OK, so this sounds like a straightforward S&M software porno movie. But this was the 1970s, a time when film-makers in various countries were getting very attracted to the idea of making movies about the relationship between power and sex. More specifically playing with the idea that power leads to moral corruption which then leads to sexual depravity. Or perhaps that the sexually depraved are attracted by power, especially absolute power over others. In Italy Tinto Brass explored this idea in Salon Kitty and it was his original idea for Caligula (although Caligula as released bore little resemblance to Brass’s original conception). These ideas are perhaps vaguely plausible and they certainly had possibilities for movie-makers who could make S&M movies and then claim that they weren’t making just making porn movies - they were making movies that were serious political statements.

Fairy in a Cage is very obviously exploring these same ideas. Its main weakness is that it doesn’t offer us much insight into the psychology of the two most interesting character, Murayama and Kayo. Taoka is a bit more fully developed. It seems likely that he is only aroused by women when they’re under his power.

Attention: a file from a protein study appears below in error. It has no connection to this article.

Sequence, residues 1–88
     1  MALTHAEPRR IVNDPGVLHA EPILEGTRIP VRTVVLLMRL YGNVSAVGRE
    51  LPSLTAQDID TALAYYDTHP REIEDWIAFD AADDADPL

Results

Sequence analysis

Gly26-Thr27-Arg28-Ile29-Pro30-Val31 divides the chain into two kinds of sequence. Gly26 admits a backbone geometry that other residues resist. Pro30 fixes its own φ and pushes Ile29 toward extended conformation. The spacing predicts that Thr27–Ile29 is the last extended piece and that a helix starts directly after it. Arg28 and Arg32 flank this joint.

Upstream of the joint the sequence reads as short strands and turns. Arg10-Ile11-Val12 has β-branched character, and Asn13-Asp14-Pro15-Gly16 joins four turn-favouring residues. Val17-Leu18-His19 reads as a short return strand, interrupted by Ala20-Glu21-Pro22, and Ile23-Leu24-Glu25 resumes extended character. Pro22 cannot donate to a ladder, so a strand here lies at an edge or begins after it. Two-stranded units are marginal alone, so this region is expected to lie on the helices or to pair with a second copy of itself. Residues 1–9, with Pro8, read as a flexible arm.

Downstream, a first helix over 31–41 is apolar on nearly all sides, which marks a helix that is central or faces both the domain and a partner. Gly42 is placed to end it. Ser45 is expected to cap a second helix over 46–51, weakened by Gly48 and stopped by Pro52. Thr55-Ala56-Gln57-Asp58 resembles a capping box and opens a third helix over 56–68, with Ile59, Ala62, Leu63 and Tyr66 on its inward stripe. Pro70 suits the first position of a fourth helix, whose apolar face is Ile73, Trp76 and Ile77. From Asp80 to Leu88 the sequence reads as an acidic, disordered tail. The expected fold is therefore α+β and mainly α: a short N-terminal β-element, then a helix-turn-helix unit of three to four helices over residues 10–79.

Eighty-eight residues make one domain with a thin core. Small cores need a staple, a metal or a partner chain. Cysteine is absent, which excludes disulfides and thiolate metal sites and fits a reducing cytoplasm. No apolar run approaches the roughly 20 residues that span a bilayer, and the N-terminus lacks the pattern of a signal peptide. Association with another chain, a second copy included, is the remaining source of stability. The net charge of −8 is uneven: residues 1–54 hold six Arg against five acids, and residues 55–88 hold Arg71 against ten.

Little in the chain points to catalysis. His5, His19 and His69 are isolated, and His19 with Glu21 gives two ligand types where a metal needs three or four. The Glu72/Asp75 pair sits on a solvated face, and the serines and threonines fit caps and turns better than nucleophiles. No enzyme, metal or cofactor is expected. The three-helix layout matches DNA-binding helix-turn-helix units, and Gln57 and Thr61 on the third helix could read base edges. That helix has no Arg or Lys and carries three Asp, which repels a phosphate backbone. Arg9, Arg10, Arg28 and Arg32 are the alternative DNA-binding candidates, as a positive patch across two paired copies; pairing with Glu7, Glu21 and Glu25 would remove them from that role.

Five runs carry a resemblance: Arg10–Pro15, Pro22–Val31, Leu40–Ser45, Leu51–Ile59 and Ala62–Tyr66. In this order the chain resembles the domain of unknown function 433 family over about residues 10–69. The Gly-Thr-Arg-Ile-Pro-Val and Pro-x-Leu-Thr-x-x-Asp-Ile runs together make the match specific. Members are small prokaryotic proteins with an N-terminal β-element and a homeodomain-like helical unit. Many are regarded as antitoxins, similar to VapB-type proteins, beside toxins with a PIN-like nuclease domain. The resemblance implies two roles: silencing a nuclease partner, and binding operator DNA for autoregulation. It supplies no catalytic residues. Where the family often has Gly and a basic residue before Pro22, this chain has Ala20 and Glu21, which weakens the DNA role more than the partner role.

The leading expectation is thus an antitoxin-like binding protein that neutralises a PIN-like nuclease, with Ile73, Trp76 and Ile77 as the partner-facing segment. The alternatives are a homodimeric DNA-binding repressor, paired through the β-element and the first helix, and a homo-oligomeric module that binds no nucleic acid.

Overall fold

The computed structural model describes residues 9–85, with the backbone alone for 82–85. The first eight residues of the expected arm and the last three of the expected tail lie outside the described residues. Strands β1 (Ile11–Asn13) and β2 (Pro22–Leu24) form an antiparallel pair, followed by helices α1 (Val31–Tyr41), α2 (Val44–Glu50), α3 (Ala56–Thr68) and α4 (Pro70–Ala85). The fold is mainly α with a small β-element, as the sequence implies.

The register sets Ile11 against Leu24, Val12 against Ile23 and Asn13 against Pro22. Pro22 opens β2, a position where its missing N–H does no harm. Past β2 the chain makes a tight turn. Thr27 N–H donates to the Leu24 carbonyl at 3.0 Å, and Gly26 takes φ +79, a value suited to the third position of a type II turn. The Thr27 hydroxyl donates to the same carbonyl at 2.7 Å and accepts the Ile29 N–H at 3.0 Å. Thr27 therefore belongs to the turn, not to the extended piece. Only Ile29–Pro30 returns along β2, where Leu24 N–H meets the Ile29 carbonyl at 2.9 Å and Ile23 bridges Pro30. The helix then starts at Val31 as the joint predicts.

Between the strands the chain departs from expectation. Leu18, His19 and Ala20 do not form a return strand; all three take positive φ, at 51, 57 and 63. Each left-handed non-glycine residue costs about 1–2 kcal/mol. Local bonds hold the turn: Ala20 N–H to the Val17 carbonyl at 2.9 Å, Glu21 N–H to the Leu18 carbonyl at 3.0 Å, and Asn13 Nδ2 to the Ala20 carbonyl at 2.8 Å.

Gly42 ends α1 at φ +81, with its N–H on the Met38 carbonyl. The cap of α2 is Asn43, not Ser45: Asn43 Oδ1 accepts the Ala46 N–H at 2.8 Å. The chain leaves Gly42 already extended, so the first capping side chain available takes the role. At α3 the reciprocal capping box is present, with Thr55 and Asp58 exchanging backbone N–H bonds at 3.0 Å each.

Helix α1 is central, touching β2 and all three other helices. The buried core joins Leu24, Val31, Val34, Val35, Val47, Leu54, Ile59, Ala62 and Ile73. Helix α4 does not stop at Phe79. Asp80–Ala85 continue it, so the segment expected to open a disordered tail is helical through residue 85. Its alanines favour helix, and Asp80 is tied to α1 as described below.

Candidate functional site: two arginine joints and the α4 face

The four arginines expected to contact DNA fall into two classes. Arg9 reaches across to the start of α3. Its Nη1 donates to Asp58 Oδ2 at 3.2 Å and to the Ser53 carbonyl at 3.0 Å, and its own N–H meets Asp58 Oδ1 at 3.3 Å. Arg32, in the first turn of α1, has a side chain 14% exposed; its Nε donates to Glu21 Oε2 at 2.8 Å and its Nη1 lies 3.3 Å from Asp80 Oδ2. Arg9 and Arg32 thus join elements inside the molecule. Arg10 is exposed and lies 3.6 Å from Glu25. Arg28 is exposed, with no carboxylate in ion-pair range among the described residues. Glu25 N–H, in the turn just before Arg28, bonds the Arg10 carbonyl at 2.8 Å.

Minoru Ôkôchi’s performance as Murayama is extremely good and Rei Okamoto is extraordinary as Kayo. Kayo is not a girl you’d want to take home to meet Mother.

Naomi Tani has to be given credit for volunteering to undergo some pretty extreme bondage, much of which apparently was genuinely painful. She’s a gorgeous woman but to be honest she’s essentially just a prop. She’s merely an innocent victim, Naomi Tani does a good job enough job conveying her fear and her humiliation, but we know no more about her at the end than we knew at the beginning. The focus here is on the psychology of the torturers (both the male and female torturers).

Fairy in a Cage was based on a story by Oniroku Dan, a very successful writer of S&M erotica and a close friend of the film’s star Naomi Tani. She had already established herself as an actress in pink films (Japanese erotic movies) but her appearance in numerous adaptations of Dan’s stories for Nikkatsu made her a star and Japan’s queen of cinematic S&M.

Fairy in a Cage is, like all of Nikkatsu’s roman porno movies, very well-made (Nikkatsu was and is a major studio) and it looks great. It was, predictably, controversial at the time. Which is hardly surprising. It is pretty extreme. While the political subtext is definitely there this movie is really more of an exploration of the psychology and eroticism of sadomasochism. So it really is, quite unashamedly, a softcore S&M erotic movie. Which is of course exactly what Nikkatsu wanted. So whether you enjoy this movie depends entirely on your feelings about S&M erotica. If the subject matter doesn’t bother you then it has some claims to being, along with Just Jaeckin’s The Story of O and Radley Metzger’s The Image, one of the classics of the genre. And you can always pretend that you only watched it for the political subtext!

No comments: